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At the Detroit Auto Show in January, Ford announced that it would bring production of battery packs for its hybrid and plug-in vehicles in-house by 2012, in time for the launch of its next-generation models. At the time, Ford would only say that the production facility would be somewhere in southeast Michigan without giving specifics.

According to The Detroit News, it now appears that the packs will be produced at the site of the defunct Rawsonville plant in Ypsilanti, MI. The facility had previously manufactured a variety of components, including alternators, fuel pumps, injectors and wiper motors. Rawsonville had been included in the Visteon spin-off in 2000, but was later re-absorbed into Ford as part of Automotive Components Holdings when Visteon was struggling to avoid bankruptcy. Ford tried and failed to sell the facility. and it has been closed for several years. In recent weeks demolition work has been ongoing at the site, perhaps in preparation for new construction. (Wrong plant, the Rawsonville plant is a couple of miles away from another ACH plant being demolished.)

Ford's battery packs are currently assembled by Delphi using cells from Sanyo. the automaker will continue to source cells from suppliers while building the packs and battery management systems itself.

When Ford made its original announcement in January, it said the combination of battery and hybrid vehicle production could create 1,000 new jobs in the area. That would certainly be welcome news to the region, which has been particularly hard-hit by the current recession. A Ford spokesperson declined to comment on the plant location, except to say that an announcement would be forthcoming.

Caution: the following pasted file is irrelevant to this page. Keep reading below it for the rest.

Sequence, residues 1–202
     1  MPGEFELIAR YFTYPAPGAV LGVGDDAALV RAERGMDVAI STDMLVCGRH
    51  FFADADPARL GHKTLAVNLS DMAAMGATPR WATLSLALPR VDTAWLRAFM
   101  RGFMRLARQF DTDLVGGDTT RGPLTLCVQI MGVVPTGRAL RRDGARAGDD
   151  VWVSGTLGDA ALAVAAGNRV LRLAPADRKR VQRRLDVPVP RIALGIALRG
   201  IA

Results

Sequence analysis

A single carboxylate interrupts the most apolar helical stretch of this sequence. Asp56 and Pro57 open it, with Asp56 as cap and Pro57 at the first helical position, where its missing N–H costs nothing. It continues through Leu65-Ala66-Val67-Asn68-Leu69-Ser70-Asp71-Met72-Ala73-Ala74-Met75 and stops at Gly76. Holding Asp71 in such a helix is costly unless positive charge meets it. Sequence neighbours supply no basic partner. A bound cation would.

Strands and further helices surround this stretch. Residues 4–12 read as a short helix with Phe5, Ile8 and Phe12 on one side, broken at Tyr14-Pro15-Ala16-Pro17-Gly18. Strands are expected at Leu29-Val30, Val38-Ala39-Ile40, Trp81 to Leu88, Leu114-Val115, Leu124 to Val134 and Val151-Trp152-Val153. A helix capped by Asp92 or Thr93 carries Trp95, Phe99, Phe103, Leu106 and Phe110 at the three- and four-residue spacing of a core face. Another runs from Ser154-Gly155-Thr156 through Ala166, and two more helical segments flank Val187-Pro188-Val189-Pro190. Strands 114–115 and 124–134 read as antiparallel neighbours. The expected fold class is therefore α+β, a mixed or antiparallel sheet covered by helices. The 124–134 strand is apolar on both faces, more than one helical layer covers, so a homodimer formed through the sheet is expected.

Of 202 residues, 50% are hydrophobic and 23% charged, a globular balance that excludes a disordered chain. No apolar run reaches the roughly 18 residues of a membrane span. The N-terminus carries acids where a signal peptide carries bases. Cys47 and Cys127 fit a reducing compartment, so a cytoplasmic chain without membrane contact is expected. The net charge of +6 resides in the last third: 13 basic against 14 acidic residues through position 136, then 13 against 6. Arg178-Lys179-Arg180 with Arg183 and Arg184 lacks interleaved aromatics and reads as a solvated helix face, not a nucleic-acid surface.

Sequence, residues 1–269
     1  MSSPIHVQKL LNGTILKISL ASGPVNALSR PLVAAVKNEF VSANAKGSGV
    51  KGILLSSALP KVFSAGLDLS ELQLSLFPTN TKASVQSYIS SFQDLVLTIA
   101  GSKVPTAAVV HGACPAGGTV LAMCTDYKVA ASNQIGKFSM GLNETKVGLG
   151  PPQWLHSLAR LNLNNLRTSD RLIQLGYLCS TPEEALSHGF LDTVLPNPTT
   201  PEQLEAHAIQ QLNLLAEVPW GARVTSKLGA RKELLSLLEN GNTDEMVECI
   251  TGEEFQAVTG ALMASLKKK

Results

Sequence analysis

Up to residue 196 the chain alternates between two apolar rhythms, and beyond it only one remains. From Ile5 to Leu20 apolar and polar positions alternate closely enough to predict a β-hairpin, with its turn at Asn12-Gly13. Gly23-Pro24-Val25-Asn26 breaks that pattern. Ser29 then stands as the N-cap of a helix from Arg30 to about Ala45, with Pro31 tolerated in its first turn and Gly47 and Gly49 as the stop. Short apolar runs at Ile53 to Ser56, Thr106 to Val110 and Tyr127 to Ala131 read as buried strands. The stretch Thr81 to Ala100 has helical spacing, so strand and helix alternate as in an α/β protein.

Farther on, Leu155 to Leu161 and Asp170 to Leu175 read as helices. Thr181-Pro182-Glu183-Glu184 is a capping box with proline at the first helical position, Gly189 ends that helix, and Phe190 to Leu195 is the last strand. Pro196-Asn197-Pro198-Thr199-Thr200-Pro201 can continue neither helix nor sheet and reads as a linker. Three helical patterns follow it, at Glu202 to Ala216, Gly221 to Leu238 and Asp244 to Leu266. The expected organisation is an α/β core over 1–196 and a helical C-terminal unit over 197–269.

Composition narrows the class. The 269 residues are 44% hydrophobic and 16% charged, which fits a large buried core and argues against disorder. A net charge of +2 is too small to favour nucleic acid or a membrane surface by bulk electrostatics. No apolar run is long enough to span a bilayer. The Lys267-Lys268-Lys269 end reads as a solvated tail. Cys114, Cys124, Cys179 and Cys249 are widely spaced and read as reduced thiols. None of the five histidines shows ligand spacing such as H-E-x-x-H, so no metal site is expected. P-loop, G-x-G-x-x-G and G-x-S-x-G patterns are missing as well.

[Source: The Detroit News]

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    • 1 Second Ago
      • 5 Years Ago
      Good news for Michigan. They have been loosing a lot of jobs lately.
      • 5 Years Ago
      Just another example of Ford taking the initiative to maintain profitablility by designing and manufacturing it's own components. Same can be said for the 2011 Super Duty diesels, no longer coming from Navistar/International.
        • 5 Years Ago
        As far as I'm concerned, even though I'm a Ford guy, I'm an American first. So, no matter who brings jobs to and keeps them here in the sates, I'm all for it.
        • 5 Years Ago
        I agree with you, but you are making it sound like it's cross-town rival isn't doing that. GM has set up the same thing - a battery assembly plant right in MI just a few weeks ago.
        • 5 Years Ago
        This is merely assembling them. If they were manufacturing cells in the US, they'd mention it.
        • 5 Years Ago
        I think it's great they're assembling the batteries here, it's better than nothing. But still, most of the actual value in the pack (where the profit lies) is in China, Japan or Korea, because that's where the cells come from.
        • 5 Years Ago
        Semantics... the point is that Ford is still bringing business in-house and employing people here in the US instead of sending it overseas and letting cheap labor put it together and someone else profiting from it.
      • 5 Years Ago
      Good for that area to get a factory back.
      • 5 Years Ago

      Southeast Michigan ?

      If Ford pays more than $13 an hr. (plus benefits) to the workers at this plant, then they are overpaying for simple assembly line work.

      I just went to Zillow.com to look at the home prices in Ypsilanti / Rawsonville.

      You can buy a simple 1,000 sq. ft. starter home for about $60,000.

      Monthly payment is approximately $320 a month.
      • 5 Years Ago
      can you say zoooom?

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